9/11: Emotional Wounds Heal Slowly

Experts look at ways that Americans are coping emotionally five years after the terror attacks.

From the WebMD Archives

As we mark the fifth anniversary of the terrorist attacks that occurred on Sept. 11, 2001, leading psychologists tell WebMD the scars are still visible for us as a nation. And for those who were personally affected, the emotional wounds are far from healed.

How we are dealing five years later "depends on how old we were at the time that it happened, how much we were affected by it, and the nature of our experience on that day," explains Donna Gaffney, professor of nursing at Seton Hall University in South Orange, N.J. Gaffney is an advisory board member of the Families of September 11, a nonprofit group that supports families affected by the terrorist attacks and champions domestic and international policies that respond to the threat of terrorism.

"Certainly family members who lost someone or people who survived the attacks are going to have a very different experience than people who live in other geographic regions of the country," she says. "Family members are still very raw and this is a part of their lives that they haven't moved on from, nor should they ever," she says.

New terror attacks and terror alerts, the release of movies and documentaries on 9/11 -- as well as the trial of Zacharias Moussaoui, the only person in the U.S. charged in connection with the Sept. 11 attacks -- all serve as aftershocks and can reopen old wounds, she explains.

Watershed Moment

"9/11 was such an extenuating circumstance," agrees Carol Goldberg, PhD, a clinical psychologist and TV personality, based in the New York City area. "People are still grieving and the level of their grieving is affected by how close they were geographically to the World Trade Center or the Pentagon, if they lost a relative or friend, or if they had some connection to the buildings themselves," she says. "Even though New Yorkers pride themselves on being hale and hearty, underneath it all, they are feeling very vulnerable and I don't think they have forgotten it by any means," she says.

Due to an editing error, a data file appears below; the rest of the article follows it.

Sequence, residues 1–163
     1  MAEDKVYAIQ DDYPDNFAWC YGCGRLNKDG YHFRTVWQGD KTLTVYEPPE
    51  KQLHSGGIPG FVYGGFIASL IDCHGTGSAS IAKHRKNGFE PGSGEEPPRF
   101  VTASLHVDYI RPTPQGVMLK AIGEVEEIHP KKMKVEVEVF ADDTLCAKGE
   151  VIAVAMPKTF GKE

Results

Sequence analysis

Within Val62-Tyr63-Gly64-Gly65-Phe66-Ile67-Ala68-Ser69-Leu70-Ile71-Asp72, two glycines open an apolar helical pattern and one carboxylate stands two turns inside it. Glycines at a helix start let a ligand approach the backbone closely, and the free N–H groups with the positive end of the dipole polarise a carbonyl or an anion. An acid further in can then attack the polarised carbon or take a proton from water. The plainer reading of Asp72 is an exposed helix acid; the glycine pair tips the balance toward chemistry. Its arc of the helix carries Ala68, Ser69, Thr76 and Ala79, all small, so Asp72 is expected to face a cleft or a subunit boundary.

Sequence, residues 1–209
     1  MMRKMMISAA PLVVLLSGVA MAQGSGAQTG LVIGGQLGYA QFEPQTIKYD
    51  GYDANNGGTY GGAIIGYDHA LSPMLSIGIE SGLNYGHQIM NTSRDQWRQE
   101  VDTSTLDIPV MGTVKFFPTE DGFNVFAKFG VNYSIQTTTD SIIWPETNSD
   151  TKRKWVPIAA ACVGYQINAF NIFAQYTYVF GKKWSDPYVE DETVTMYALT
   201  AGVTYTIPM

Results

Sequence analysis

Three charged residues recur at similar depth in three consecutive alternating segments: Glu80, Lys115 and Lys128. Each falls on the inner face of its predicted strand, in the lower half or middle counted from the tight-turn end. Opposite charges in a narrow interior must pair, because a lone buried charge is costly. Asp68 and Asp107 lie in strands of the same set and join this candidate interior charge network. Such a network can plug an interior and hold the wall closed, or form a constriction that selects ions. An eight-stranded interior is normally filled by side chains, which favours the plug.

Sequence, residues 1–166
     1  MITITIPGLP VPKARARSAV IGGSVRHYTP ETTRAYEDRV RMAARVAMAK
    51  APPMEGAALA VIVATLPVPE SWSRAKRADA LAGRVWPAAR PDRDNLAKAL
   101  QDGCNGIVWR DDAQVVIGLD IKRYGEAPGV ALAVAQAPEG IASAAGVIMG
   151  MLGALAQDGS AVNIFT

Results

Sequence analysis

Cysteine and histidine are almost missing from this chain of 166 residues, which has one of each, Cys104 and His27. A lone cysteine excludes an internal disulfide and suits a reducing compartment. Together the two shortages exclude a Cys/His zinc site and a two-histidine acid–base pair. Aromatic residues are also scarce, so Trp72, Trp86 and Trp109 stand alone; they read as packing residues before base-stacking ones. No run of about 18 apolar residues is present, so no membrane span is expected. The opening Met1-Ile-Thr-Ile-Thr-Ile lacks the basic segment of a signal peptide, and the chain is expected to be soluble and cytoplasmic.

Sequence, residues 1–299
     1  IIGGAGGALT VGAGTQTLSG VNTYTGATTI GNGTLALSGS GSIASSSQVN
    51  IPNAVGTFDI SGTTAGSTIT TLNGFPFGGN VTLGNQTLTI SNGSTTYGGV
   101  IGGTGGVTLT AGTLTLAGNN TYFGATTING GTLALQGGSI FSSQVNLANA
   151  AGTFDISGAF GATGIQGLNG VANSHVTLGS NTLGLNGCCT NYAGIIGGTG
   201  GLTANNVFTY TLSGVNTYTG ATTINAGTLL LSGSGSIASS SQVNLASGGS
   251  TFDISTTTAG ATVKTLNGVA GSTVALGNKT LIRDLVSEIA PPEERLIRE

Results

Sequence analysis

"Although 9/11 is over, there are continuing issues of terrorists and terrorism throughout the world," she says. Situations such as the recent foiling of a major terror plot to blow up planes in flight from the U.K. to the U.S. can bring it all back in an instant, she points out.

Continued

Cycle of Grief

In her book, On Death and Dying, Swiss psychiatrist Elizabeth Kübler-Ross created what is referred to as the grief cycle. This cycle starts with shock and is followed by a denial stage, an anger stage, a bargaining stage, depression, testing, and finally, acceptance.

But this way of looking at grief does not apply to 9/11, says Robert R. Butterworth, PhD, a psychologist at International Trauma Associates in Los Angeles. "Unlike a mourning process where somebody dies and you start getting over it, this is a question of issues continuing to pop up," he says. "Anxiety about terrorism is reoccurring so the national psyche can't use the [grief scale]."

In a way, he says, "we are stuck in the anger stage and that's connected to our fears," he says. "I don't think anyone can have acceptance. How can we accept the fact that the world hates us and we are going to be injured?"